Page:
What does leadership mean for a Christian working in the arts? That was the question we put to a small group of people at the Husk Coffee & Creative Space a couple of weeks ago. For those who work in politics, business or law, leadership is often linked to hierarchy (though we believe that leadership is not only positional).

Within the arts, where many people do not work in companies or with a clear promotion path, leadership may seem like a nebulous concept. Based on our conversation with the group, which included Morphē Arts, Sputnik and the Arts Centre Group, as well as representatives from film, fine art, fashion and performing arts, here are five ways that Christians can be leaders in the arts.


Leaders step out in front

Leaders take risks and do what others don’t think is possible. In the arts, this could mean anything from telling an unperformable story to working with seemingly incompatible materials to stepping into the space created by the failure of others. Where are the boundaries around you and your work, and how can you broaden the horizon?

Leaders ask questions

Art can provoke, poke and criticise – it can speak into culture and point out the direction of travel. Art engages people’s emotions in a way that facts often can’t, which is why charities rely on emotive photography and films to recruit donors and volunteers. If there is a social or political issue you are concerned about, how can your art form give you a voice on the subject?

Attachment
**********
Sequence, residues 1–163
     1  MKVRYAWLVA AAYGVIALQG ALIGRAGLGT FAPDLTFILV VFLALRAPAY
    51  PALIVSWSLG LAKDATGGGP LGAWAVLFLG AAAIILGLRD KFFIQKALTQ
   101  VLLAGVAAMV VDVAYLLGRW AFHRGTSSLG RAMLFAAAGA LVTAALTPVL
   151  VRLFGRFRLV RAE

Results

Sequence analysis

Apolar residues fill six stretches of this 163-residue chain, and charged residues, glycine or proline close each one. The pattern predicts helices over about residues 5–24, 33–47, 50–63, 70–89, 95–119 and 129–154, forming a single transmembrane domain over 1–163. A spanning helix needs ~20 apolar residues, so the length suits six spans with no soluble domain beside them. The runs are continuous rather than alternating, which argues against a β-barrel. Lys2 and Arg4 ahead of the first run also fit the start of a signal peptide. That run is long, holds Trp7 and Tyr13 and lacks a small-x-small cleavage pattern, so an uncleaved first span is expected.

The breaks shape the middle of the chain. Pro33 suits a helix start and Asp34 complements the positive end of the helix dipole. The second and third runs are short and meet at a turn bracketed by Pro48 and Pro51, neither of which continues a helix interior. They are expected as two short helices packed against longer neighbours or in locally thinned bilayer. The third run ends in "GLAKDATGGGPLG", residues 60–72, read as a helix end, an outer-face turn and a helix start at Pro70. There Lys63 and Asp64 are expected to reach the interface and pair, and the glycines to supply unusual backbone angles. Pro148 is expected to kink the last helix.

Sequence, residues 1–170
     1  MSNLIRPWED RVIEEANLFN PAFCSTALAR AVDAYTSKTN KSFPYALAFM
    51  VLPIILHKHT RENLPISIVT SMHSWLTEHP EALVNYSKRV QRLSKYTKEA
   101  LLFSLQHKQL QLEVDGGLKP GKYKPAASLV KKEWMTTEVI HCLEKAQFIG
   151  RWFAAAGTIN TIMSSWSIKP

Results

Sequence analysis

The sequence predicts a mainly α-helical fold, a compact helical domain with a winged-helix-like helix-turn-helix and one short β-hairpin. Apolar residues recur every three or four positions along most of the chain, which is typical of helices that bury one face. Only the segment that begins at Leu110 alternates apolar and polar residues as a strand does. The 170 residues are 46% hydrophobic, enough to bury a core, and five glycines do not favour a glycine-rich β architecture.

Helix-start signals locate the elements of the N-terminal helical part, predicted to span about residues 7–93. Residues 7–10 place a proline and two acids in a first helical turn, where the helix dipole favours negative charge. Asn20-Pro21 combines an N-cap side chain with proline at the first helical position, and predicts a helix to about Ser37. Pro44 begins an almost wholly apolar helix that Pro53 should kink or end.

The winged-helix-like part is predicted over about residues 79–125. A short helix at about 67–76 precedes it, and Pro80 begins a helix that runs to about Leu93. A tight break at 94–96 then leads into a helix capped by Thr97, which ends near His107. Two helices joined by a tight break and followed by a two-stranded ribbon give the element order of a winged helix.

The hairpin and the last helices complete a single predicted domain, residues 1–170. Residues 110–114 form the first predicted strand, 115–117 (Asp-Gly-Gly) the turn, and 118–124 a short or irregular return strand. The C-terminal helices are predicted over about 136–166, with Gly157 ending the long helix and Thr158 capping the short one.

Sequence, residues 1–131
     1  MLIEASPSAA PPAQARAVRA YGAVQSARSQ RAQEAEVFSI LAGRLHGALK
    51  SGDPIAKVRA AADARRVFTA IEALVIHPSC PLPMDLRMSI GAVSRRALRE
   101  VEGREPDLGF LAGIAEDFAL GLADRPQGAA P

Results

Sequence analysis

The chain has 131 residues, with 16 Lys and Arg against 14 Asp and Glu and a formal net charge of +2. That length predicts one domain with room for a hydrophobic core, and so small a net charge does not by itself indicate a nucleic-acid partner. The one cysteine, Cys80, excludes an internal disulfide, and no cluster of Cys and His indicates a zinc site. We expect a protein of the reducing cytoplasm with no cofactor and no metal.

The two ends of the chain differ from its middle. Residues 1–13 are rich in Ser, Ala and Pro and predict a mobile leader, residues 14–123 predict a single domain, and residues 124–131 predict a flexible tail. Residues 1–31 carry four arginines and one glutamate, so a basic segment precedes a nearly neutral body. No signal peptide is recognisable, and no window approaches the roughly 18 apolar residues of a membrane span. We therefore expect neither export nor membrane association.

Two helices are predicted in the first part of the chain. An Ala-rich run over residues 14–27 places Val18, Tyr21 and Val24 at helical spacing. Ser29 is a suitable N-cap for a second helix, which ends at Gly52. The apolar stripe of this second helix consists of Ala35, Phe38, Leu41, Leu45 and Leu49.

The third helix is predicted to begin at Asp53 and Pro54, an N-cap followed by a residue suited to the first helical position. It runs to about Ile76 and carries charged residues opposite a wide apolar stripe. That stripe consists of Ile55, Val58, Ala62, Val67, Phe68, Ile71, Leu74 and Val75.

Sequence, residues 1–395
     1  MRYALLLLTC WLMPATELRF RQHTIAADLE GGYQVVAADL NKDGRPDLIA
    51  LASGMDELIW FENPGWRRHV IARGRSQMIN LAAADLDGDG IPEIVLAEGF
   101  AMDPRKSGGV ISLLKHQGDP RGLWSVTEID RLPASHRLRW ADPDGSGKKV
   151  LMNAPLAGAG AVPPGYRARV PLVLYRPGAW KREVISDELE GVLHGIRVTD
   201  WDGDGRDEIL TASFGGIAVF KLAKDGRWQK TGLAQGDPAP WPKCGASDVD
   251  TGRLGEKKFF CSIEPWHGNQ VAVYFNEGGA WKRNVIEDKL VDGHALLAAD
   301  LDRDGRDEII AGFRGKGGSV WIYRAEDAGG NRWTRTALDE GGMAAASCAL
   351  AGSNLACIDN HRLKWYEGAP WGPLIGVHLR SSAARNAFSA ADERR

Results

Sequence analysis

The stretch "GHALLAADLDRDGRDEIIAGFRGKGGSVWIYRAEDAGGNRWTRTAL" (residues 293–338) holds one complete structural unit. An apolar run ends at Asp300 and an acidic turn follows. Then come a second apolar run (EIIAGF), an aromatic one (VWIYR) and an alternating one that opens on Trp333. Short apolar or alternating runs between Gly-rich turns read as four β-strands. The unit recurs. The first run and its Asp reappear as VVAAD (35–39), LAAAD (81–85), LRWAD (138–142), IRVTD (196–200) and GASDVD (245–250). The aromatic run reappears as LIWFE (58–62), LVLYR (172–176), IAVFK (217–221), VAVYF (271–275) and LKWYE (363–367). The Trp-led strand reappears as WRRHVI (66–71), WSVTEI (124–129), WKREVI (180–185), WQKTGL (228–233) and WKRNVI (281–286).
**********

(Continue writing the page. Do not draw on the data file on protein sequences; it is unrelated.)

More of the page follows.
Photo by Chouaib brik on Unsplash


Leaders are excellent at what they do

If you want to lead in the arts, you need to be a good artist! Sometimes, this is a springboard – if you want to ask questions and be a voice into culture, people will first need to appreciate the artistic value of your work. But for some artists, the art itself is the product of their leadership; there doesn’t always have to be an additional message or purpose for wider society. How can you invest in the growth and development of your artistic talent?

Leaders lead others

Leaders are role models; they set a precedent that others can follow. They help other people to be better at what they do and invest in people for the long-term, for example through apprenticeships. Good artists can have very high standards, but it is important to support aspiring artists still on the journey. How can you mentor, support or advise younger upcoming artists?

Photo by Kris Atomic on Unsplash


Leaders don’t fit a one-size model

Leadership may mean being at the forefront of your field. It may mean using your art to critique, question and challenge. It may require leading others, running a business or taking risks. Being a Christian leader in the arts may include evangelism, contributing towards God’s kingdom, or being counter-cultural.


Being an artist can be a vocation, just like being an entrepreneur, politician, charity worker, or childcare provider. Ultimately the question we must all ask is, why has God sent me to this place? What is He asking me to do, say or be?


Banner photo by Jenna S on Unsplash